Why Emotional Intelligence?

LEADERSHIP DEVELOPMENT AND EI

Leadership is about leaders who achieve extraordinary things within
organisations, and who create a culture where their team members follow
them with passion and enthusiasm, to improve performance and productivity.
This is the challenge of leadership development that needs to be achieved.

BIG BRANDS BELIEVE IN LEADERSHIP DEVELOPMENT

Hallmark Communities sales staff that developed emotional intelligence were 25% more productive than their low EI counterparts, and EI was more important to executive job performance than character, strategic thinking, and focus on results.

Talentsmart’s EQ Learning™ program raised individual and team EI for the low and high EI groups to improve group cohesion and job performance (Bradberry, 2002)

Multinational Consulting Firm measured the EI of senior partners on emotional intelligence competencies. Partners high in EI were responsible for $1.2 million more profit each in their clients than low EI partners. High EI partners showed a 139% gain in profit (Boyatzis, 1999).

AT&T participated in a large, cross-industry study that found in all levels of management (from line supervisors to senior executives) increased emotional intelligence, measured through the Emotional Intelligence Appraisal™, accounted for 20% more productivity than low EI leaders.

Ninety-one percent of top performers were high in EI, while only 26% of low performers were high in EI. Emotional intelligence explained nearly 60% of job performance across companies in the study. (Bradberry, 2002).

An International Soft Drink Corporation saw division leaders who developed EI competencies outperform their targets by more than 15%.

Division leaders who didn’t develop their EI missed targets by the same margin (McClelland, 1999).

Top Performers in positions of medium complexity, such as sales clerks and mechanics, are 12 times more productive than weak performers, and 127% more productive than average performers. EI accounts for more than 60% of the job performance for these positions (Hunter, Schmidt, & Judiesch, 1990; Goleman, 1998).

US Air Force reduced recruiter turnover from 35% annually to 5% annually by selecting candidates high in emotional intelligence. Total cost savings of $3 million per year on a $10,000 investment (Bar-On, 2001).

Across Cultures executives selected for emotional intelligence are more likely to succeed than those chosen for IQ or job experience. In Latin America, Germany and Japan, 74% of top performers were high in EI while only 24% of low performers were high in EI (Cherniss, 2003).

L’Oreal realized a $91,370 increase per head for salespeople selected for EI skills. The group also had 63% less turnover than sales staff not part of the EI program (Cherniss, 2003).

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“In the fields I have studied, emotional intelligence is much more powerful than IQ in determining who emerges as a leader. IQ is a threshold competence. You need it, but it does not make you a star. Emotional intelligence can.”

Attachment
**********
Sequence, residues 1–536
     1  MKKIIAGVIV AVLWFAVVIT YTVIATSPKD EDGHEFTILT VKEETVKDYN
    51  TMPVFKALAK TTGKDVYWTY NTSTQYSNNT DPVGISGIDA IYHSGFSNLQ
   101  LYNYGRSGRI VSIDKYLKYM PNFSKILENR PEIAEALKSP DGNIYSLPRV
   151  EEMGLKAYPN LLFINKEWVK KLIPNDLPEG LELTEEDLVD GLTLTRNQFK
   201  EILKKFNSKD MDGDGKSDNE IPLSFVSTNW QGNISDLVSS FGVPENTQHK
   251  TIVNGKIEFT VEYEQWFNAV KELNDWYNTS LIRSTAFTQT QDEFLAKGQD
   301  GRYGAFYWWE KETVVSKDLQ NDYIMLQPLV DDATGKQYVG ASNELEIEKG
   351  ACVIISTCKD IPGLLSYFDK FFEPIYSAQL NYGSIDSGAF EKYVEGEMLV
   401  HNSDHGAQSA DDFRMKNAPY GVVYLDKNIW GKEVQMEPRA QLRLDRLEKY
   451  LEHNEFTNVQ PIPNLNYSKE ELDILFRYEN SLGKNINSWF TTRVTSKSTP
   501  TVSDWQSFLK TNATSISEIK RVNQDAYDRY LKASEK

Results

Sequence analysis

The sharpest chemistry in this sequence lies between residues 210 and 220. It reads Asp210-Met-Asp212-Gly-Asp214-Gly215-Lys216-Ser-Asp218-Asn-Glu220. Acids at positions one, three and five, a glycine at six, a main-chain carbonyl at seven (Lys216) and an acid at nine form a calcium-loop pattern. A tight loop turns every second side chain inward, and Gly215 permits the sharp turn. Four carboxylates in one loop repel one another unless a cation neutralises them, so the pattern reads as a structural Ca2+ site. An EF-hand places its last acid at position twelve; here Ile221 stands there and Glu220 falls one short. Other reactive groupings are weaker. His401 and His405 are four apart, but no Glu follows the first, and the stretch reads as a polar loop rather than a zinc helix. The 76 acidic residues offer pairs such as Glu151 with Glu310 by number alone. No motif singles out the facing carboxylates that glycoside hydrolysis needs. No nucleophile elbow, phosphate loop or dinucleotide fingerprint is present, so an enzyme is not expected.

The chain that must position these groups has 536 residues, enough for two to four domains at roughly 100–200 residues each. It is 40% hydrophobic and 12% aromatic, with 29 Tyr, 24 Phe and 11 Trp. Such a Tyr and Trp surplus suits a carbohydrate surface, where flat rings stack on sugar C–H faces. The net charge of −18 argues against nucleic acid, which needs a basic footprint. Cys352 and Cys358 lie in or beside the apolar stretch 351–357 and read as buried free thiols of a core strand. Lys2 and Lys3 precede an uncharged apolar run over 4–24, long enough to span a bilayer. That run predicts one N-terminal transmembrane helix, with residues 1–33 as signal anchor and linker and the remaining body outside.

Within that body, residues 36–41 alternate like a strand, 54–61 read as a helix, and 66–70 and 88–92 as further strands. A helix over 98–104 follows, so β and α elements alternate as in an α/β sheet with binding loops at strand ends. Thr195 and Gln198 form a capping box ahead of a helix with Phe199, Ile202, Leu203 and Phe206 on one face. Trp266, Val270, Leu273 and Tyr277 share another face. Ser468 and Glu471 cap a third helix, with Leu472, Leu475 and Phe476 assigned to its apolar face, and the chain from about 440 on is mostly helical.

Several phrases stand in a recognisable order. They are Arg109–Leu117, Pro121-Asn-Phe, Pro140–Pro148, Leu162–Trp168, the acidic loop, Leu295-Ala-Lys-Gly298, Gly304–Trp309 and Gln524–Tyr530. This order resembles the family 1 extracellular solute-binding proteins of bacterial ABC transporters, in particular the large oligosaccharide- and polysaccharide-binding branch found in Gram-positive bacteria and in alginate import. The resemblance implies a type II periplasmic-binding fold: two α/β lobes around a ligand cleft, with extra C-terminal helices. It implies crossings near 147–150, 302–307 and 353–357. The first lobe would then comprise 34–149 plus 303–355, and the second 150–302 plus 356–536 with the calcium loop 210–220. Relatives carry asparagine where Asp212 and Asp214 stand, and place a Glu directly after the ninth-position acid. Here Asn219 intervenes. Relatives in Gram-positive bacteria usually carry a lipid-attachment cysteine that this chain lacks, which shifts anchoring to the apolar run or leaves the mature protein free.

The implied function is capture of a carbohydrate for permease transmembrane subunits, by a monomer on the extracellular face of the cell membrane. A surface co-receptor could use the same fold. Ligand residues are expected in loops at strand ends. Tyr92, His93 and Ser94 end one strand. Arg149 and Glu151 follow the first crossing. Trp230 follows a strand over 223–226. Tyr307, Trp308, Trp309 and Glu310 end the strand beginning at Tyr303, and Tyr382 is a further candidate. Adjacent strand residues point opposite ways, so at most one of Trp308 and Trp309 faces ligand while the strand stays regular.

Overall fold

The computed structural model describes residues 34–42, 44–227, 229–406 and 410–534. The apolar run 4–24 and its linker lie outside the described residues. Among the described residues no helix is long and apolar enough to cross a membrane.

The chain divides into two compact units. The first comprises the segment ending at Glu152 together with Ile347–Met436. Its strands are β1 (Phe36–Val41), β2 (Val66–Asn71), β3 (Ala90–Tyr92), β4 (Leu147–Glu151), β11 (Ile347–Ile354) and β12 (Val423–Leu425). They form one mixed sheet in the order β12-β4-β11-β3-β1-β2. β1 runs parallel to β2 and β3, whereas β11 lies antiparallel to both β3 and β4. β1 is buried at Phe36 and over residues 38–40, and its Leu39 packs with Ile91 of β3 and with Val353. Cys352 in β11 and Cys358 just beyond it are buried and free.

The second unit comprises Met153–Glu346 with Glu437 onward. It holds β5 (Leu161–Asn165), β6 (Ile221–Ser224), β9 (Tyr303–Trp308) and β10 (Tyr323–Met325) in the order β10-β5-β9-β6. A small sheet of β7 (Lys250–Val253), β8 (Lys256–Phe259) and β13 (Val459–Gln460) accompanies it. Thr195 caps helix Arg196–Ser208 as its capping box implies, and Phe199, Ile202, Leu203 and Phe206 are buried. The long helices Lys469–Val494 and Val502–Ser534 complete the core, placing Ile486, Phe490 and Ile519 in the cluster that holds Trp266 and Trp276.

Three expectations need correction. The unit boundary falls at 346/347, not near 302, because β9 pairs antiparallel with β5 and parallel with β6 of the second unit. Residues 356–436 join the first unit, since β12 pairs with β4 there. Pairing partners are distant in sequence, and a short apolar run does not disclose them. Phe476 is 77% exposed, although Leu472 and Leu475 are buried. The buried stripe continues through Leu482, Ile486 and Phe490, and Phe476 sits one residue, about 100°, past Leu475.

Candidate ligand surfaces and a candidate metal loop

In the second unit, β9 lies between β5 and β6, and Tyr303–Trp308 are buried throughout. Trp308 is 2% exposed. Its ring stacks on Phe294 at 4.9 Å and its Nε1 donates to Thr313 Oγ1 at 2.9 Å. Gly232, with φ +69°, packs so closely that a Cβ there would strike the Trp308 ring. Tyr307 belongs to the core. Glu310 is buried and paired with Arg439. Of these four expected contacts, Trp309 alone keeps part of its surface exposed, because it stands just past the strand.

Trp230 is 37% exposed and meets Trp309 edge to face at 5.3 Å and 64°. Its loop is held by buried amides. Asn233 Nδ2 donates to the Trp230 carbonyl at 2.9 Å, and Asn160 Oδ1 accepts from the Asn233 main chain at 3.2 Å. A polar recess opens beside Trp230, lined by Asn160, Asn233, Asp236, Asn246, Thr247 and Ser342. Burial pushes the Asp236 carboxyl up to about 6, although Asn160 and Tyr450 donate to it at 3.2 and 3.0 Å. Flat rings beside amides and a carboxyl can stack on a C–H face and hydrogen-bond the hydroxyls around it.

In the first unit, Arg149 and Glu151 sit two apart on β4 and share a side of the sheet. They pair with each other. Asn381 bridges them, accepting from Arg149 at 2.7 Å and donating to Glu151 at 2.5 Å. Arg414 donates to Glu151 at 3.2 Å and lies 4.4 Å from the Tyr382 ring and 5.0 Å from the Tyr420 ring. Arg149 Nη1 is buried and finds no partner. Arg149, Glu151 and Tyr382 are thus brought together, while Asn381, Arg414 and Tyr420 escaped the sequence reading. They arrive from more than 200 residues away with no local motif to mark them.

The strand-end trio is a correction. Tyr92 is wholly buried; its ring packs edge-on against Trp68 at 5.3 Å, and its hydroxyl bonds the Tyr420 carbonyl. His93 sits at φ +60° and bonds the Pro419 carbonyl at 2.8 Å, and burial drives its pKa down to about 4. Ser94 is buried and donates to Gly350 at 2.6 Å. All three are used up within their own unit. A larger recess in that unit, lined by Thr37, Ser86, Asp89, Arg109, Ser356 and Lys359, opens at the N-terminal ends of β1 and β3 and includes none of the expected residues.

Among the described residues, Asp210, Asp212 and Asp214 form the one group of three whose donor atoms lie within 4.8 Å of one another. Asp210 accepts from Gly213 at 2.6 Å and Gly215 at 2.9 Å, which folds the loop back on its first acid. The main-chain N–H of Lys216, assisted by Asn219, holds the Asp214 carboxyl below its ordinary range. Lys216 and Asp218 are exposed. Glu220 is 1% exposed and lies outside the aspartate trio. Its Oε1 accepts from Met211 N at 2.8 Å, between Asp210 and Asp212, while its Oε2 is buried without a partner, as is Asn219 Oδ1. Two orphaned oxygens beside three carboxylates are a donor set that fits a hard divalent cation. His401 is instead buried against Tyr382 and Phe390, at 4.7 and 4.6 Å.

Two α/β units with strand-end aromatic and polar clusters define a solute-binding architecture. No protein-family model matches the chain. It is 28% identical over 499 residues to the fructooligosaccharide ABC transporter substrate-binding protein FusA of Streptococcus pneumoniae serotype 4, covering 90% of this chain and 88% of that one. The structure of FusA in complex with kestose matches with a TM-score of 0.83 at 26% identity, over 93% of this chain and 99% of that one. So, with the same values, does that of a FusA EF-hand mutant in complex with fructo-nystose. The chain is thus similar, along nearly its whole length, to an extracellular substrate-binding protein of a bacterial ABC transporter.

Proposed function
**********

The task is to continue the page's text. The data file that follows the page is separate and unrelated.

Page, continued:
Warren Bennis, leadership pioneer and internationally renowned author and researcher

EMOTIONAL INTELLIGENCE ROI

A study conducted with more than 2 million employees throughout seven hundred companies proved that the length of time an employee stays at a company is determined by his relationship with his immediate superior. (Zipkin, 2000)

43% of employees who leave companies do not do so because of bad salaries, but bad managers. (Goleman, 1998)

Divisional heads with emotional intelligence competencies outperformed their targets by 15-20%, whilst those who lacked these skills under-performed by almost 20%. (McClelland, 1998)

An analysis of top-level executives from 15 global companies showed that 6 emotional intelligence competencies distinguished the stars from the average employees: Development of people; Influence; Adaptability; Self-confidence; Achievement drive; and Leadership ability. One cognitive competency that was as strong in distinguishing the stars from the average employees was Analytical Thinking. (Spencer, 1997)

When supervisors in a manufacturing plant were empowered with emotional intelligence competencies, it was found that lost-time accidents were reduced by 50%, formal grievances were reduced, and the plant exceeded productivity goals by $250 000 (Pesaric &Byham, 1996).

Effective leaders were identified as those who reported transformational rather than transactional behaviours. Emotional intelligence correlated highly with all components of transformational leadership. (Gardner & Stough, 2002)

In a national insurance company (USA), insurance sales agents who were lacking in emotional intelligence competencies such as self-confidence, initiative, and empathy sold policies worth an average of $54 000. Those who were strong in at least 5 to 8 emotional intelligence competencies sold policies worth $114 000. (Hay/McBer, 1997)

85% of the competencies attributed to successful leaders lie in the emotional intelligence domain. (Goleman, 1998).

Research clearly shows that Emotional Intelligence
is an overwhelmingly more important and critical
factor determining employee success than IQ.